There is a certain level of expectation with particular game studios, not necessarily a qualitative one, but an expectation that certain studios will create a certain kind of game with certain quirks and idiosyncrasies. You play a Codemasters racing game, for example, and you get a game which generally gives a mix of arcadey racing controls with simulation physics that make you feel like a legitimate racer right up until the moment you crash spectacularly into a wall. You play a Eutechnyx game and you expect total rubbish.
Targem Games have had a fairly mixed legacy over the last decade. Starting out making rather workable games like Insane 2 and GearGrinder, they went on to make the excellent Planets Under Attack and have recently shifted focus to simple, well crafted party games. This brings us nicely to BlazeRush, a dystopian party racing game fueled heavily by explodium, which leads us to ask: Is this the generic racer side of Targem showing, or the polished party game company shining through?
BlazeRush is a single screen racing game, incredibly reminiscent of Codemasters’ Micro Machines at first glace and, I expect, very close to how that series would look if it were rebooted today. The game is astonishingly fun and absolutely bonkers, playing as a combination between Micro Machines and Super Smash Bros; knocking your opponents off the stage is the name of the game. The controls could not be simpler, with driving being entirely controlled by pointing the analogue stick and two buttons controlling the different kinds of pick ups in the pursuit of carnage, victory and an abundance of explosions one might consider excessive if they had no concept of fun.
In terms of power ups, there’s a good range of fairly unique items, going from the humble autogun (which can be used to push enemies over the edge of a track) to circular saws, green slime, homing missiles and others that are mostly used to slow down or blow up enemies and there’s just enough variety in the weapon pickups to keep the games interestingly frantic. On the flip side there are the boost power ups which progress on a trade-off between increasing power but decreasing control, from the simple speed booster to the somewhat dangerous jet booster and the incredibly strategic pulse booster.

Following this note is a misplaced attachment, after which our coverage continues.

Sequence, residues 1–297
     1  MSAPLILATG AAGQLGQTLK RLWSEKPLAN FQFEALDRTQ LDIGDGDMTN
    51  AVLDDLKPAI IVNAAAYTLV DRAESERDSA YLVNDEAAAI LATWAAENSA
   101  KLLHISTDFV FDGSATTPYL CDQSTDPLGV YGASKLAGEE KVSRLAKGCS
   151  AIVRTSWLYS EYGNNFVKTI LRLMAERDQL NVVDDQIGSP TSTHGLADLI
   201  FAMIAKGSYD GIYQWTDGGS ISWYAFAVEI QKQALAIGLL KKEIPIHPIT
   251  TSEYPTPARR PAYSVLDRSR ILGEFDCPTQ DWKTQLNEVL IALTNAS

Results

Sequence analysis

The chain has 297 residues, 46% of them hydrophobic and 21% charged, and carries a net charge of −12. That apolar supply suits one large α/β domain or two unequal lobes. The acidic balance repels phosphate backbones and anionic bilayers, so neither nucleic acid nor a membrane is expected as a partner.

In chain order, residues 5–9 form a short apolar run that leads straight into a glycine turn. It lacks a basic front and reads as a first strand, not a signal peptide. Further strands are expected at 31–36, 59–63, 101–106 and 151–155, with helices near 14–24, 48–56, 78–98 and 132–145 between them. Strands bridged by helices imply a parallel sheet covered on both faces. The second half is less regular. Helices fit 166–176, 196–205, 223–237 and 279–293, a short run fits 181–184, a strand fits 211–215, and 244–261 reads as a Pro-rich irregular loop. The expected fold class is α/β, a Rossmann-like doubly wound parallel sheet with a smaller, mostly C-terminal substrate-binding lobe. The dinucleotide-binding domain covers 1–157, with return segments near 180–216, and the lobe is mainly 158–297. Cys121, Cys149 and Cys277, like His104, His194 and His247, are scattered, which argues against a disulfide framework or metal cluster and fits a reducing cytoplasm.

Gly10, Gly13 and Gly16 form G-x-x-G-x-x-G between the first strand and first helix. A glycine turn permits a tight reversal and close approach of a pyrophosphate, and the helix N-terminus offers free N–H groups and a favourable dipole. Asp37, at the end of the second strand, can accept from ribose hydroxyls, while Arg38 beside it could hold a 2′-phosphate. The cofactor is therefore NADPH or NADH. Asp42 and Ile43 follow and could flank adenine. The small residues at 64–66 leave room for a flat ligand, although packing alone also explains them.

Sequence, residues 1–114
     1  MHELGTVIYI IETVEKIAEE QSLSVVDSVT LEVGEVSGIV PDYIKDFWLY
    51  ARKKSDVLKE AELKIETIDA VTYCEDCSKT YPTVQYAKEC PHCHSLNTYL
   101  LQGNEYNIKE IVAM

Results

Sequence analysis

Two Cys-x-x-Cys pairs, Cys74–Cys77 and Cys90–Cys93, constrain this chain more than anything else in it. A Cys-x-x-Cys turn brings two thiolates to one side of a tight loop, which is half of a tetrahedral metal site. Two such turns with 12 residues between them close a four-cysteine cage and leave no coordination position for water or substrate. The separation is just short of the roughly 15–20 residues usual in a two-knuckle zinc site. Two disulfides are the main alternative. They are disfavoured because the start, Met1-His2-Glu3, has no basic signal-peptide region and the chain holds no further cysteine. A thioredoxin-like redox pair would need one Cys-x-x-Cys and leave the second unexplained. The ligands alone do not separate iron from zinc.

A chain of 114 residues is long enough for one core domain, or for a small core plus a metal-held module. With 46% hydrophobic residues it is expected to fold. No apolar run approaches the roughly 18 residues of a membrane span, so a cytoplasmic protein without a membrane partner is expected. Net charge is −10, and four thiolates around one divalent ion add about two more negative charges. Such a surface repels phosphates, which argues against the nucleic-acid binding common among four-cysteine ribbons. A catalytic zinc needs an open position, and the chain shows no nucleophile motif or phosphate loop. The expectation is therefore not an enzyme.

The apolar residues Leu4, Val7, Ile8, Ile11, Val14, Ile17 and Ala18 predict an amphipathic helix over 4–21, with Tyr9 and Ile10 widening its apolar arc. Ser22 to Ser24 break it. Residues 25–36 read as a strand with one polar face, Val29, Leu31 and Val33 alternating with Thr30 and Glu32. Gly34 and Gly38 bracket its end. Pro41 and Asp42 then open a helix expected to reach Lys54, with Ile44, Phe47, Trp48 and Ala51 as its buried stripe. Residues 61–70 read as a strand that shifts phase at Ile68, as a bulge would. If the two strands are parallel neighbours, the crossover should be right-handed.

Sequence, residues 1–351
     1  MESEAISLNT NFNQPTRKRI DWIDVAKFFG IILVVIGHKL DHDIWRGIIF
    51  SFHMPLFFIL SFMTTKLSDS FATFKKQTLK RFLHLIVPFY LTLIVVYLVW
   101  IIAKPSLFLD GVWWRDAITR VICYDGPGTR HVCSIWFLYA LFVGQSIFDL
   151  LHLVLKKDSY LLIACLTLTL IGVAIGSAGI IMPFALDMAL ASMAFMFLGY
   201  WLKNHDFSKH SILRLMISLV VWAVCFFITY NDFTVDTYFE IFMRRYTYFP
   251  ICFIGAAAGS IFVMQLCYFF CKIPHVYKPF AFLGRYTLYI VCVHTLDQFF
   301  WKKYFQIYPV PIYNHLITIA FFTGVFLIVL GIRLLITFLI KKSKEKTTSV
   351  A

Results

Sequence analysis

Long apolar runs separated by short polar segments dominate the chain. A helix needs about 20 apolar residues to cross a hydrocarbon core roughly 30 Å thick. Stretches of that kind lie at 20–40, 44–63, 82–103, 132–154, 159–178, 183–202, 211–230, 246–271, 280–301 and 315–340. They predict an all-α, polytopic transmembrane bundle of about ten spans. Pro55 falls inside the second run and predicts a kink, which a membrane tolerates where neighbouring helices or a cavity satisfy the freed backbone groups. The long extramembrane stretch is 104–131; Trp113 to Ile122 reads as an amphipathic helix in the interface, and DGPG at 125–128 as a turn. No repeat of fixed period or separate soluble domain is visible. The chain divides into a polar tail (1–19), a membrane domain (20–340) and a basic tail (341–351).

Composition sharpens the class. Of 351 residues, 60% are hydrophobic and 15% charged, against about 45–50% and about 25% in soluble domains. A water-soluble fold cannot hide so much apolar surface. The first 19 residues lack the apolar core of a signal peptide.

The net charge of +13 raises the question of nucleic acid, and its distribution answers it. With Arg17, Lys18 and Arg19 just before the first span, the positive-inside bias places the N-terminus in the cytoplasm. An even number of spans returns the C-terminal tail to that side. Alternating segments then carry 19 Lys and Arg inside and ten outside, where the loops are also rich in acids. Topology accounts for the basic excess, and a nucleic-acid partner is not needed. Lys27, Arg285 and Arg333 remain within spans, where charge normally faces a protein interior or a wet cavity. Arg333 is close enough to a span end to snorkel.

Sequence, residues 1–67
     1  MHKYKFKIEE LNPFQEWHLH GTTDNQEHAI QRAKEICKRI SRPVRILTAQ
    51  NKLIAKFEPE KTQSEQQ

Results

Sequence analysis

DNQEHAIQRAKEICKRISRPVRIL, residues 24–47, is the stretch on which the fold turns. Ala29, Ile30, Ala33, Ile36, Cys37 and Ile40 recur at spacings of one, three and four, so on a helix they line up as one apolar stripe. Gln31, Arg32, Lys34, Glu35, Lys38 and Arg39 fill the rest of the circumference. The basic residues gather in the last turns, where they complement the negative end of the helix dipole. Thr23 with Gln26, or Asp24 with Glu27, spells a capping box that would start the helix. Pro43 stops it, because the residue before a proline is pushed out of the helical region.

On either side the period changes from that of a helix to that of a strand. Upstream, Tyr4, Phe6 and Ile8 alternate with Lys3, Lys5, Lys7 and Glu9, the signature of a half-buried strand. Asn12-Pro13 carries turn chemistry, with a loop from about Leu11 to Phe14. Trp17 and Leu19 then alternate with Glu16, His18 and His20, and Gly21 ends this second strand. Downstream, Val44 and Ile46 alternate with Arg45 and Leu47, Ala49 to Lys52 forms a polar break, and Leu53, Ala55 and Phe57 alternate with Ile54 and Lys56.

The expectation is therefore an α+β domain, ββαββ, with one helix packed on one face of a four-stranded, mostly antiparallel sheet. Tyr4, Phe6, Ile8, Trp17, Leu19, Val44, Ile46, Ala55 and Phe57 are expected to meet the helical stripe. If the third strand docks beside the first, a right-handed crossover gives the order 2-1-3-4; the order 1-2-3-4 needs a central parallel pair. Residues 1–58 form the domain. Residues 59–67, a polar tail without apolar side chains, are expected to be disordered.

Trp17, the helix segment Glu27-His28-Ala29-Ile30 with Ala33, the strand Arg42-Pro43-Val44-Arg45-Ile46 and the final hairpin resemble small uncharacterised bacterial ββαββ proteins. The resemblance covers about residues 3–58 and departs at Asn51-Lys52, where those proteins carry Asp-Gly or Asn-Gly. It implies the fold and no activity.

There’s enough variety to stop the game becoming dull and sufficient checks and balances to stop it from being an entirely random free-for-all in the same way Mario Kart and the later Micro Machines games could become, something that is mostly aided by the way in which items dropped. Boost items drop in front of the leader which, along with the teleport system designed to stop people falling behind means that the game is about pickups, clever offensive/defensive driving and some very opportune strikes near corners since every weapon has the power to send your opponents careening hilariously off the edge and no opponent can actually end up far enough behind to no longer be a threat. The sixteen racers you can choose from seem to be designed with the same principles, each of them being a different combination of traction, weight, and acceleration from the slow but incredibly stable tank to the floaty unwieldy UFO and all manner of wheeled, tracked and floating cars in between. Practically it doesn’t add a huge amount to the strategy but the difference between cars is noticeable, particularly with how they affected by certain items.
There are three primary game modes (and a fourth one seen only in the single player campaign): Race, Survival and King of the Hill. Race is fairly self explanatory, although due to the mechanics of the game pretty much every race is decided at the very last corner and a flurry of explosions.